One thing I learnt while being at uni was to not be disheartened or disappointed in myself. My advice is to do as much as you can without working yourself into the ground. Stress is a big trigger for me so I would try and make sure that essays were done a couple of days before deadlines and if I was confused by anything, I would ask my tutors for help. Always plan out the amount of time you have for essays. Figure out how long you are able to study for or write essays for and split that over the amount of time – at points I was only able to do 10 minutes a day. Obviously on better days you can do more, but don’t push yourself!

I noticed a correlation between alcohol and relapses. Through all the years I had been drinking, I had always thought that alcohol made everyone feel sick, have a headache and gave them leg pain! My doctor confirmed that many M.E. sufferers tend to be alcohol intolerant (along with caffeine intolerant!).

Studying was hard, but by making sure to spread it all out, I felt like I could cope with it all. My final year came around quickly and by then I had learnt a lot about myself and my M.E. We had gone on quite the journey! I had begun to accept that this is what I had and I was starting to feel brave enough to tell my friends. They accepted it and actually, it didn’t really matter to them! They would still invite me out and some would even sit with me quietly if I wasn’t up for doing anything.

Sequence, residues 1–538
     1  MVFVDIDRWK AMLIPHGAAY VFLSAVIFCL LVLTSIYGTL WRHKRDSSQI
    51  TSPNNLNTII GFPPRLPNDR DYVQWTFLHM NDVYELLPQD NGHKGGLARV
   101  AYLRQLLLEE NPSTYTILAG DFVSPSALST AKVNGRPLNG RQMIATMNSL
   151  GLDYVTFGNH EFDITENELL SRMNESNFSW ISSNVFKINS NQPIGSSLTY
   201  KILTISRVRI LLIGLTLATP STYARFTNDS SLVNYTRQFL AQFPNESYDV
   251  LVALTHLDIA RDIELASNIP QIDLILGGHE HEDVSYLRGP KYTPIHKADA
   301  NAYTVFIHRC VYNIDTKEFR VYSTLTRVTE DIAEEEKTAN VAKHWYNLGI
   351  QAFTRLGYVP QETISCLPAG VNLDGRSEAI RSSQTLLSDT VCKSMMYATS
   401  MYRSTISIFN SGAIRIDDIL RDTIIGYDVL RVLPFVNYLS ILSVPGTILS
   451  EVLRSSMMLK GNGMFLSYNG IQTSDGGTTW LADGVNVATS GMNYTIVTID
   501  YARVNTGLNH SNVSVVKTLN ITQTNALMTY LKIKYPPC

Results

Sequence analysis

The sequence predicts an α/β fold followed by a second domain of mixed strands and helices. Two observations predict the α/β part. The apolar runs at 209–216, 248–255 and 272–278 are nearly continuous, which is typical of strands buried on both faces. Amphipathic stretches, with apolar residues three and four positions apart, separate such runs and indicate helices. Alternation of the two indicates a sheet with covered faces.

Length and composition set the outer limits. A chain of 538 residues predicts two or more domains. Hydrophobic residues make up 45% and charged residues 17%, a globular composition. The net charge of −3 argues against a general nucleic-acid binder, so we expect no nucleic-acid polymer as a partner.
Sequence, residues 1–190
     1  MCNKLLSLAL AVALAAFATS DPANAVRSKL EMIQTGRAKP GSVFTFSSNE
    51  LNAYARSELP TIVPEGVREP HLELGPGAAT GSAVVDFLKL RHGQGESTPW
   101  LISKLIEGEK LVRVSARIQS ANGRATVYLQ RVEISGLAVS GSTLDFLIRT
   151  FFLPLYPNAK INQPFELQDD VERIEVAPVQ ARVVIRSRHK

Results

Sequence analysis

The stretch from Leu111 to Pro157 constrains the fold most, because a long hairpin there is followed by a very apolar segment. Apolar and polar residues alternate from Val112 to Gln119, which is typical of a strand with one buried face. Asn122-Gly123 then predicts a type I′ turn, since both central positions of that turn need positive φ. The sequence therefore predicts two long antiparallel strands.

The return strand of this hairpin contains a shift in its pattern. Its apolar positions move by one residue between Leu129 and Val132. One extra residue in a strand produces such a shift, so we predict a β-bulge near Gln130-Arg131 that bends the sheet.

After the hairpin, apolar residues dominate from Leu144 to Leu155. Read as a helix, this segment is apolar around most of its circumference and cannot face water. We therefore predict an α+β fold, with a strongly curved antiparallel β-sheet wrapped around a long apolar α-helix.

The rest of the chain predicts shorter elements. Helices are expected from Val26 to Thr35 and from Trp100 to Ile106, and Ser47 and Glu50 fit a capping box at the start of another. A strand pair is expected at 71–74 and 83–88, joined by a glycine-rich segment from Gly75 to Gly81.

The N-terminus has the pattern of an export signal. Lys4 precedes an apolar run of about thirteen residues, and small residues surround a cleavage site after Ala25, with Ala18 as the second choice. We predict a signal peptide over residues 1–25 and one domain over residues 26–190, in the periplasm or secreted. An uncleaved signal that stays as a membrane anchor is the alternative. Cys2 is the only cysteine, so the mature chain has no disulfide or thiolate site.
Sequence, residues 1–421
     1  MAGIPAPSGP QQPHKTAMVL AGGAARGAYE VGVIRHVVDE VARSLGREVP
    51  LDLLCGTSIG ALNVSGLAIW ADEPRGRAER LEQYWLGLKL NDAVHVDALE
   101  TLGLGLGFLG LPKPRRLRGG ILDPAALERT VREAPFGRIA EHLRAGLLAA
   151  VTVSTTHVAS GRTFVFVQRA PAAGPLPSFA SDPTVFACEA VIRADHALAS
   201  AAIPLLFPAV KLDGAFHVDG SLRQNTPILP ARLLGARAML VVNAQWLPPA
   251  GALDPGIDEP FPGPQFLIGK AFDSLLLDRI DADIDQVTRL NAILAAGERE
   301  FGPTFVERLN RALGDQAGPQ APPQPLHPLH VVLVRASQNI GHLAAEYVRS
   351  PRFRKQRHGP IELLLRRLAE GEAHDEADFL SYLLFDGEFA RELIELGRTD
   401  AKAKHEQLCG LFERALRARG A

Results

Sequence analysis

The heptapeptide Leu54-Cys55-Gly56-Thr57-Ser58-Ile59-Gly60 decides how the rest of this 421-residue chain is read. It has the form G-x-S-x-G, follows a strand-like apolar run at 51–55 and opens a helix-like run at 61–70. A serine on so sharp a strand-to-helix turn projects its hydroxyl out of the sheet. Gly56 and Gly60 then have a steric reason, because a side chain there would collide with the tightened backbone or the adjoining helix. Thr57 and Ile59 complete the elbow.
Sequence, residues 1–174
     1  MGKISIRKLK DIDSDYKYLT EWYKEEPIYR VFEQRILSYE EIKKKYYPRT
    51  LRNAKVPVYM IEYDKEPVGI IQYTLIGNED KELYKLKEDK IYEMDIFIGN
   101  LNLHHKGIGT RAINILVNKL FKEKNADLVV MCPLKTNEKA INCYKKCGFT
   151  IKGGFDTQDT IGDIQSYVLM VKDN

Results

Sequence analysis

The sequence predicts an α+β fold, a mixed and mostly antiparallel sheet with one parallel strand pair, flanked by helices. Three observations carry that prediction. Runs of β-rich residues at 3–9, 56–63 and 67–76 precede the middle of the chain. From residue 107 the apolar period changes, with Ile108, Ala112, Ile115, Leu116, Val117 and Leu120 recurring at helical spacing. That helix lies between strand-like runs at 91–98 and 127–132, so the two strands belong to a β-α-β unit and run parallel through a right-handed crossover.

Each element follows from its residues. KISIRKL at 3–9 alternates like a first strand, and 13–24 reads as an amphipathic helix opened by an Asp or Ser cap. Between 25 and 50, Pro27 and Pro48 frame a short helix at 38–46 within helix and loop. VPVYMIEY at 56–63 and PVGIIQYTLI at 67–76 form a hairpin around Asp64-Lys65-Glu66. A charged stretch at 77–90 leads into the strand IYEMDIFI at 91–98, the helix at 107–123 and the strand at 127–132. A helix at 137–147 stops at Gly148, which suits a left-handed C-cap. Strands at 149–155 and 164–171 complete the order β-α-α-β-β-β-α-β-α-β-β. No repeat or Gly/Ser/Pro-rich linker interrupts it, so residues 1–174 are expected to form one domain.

Unfortunately, I didn’t find any useful resources for a student with M.E. There seemed to be a huge lack of them whilst I was at university (there probably still is!). However, Melanie Jane Edgar writes about managing M.E. in her academic career in Learning to Live with M.E.

Another piece of advice is to make sure to tell your tutors how you are feeling. Without telling them, I wouldn’t have had the support they gave me throughout. I was given extensions when I felt I was unable to finish work on time. This made things a lot less stressful for me.

Graduating was one of the best days of my life and the biggest achievement. I was in shock that I had managed to get through university. I was awarded a 2:1 BA (Hons) in Professional Musicianship in 2012 and I haven’t looked back since.

I am now working as a Careers Advisor and as part of the Events team at a music university, where I am helping students on a daily basis and mixing with music industry professionals. I am also working as a part-time session singer and songwriter and have been lucky enough to work with some amazing musicians.

My working week can be difficult. 40 hours is a lot! I never expected to be able to work this many hours but I manage my stress levels and workload well. I am able to speak to my employers about my M.E.; they are very understanding and are okay with me coming in late occasionally as well as having to leave earlier sometimes. 

Going to university was the best thing I have ever done. It was a journey of discovery. Learning what my triggers were, understanding how my M.E. worked and, most importantly, unearthing who I was as a person.

M.E. doesn’t define who I am. I am still me: hardworking, determined and fun loving. I am proud of what I have achieved and I will continue to try and live my life to the full.